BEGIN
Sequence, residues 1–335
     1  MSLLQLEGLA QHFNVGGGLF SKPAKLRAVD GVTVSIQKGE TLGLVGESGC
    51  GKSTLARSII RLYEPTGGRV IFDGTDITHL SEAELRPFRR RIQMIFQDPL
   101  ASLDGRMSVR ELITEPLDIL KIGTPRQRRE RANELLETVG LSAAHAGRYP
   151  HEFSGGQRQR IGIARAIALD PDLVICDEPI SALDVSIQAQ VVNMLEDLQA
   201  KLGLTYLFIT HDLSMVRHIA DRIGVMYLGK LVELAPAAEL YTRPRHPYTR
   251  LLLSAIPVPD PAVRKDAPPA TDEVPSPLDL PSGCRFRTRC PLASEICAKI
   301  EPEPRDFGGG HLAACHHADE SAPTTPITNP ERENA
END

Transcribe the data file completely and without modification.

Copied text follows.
Sequence, residues 1–335
     1  MSLLQLEGLA QHFNVGGGLF SKPAKLRAVD GVTVSIQKGE TLGLVGESGC
    51  GKSTLARSII RLYEPTGGRV IFDGTDITHL SEAELRPFRR RIQMIFQDPL
   101  ASLDGRMSVR ELITEPLDIL KIGTPRQRRE RANELLETVG LSAAHAGRYP
   151  HEFSGGQRQR IGIARAIALD PDLVICDEPI SALDVSIQAQ VVNMLEDLQA
   201  KLGLTYLFIT HDLSMVRHIA DRIGVMYLGK LVELAPAAEL YTRPRHPYTR
   251  LLLSAIPVPD PAVRKDAPPA TDEVPSPLDL PSGCRFRTRC PLASEICAKI
   301  EPEPRDFGGG HLAACHHADE SAPTTPITNP ERENA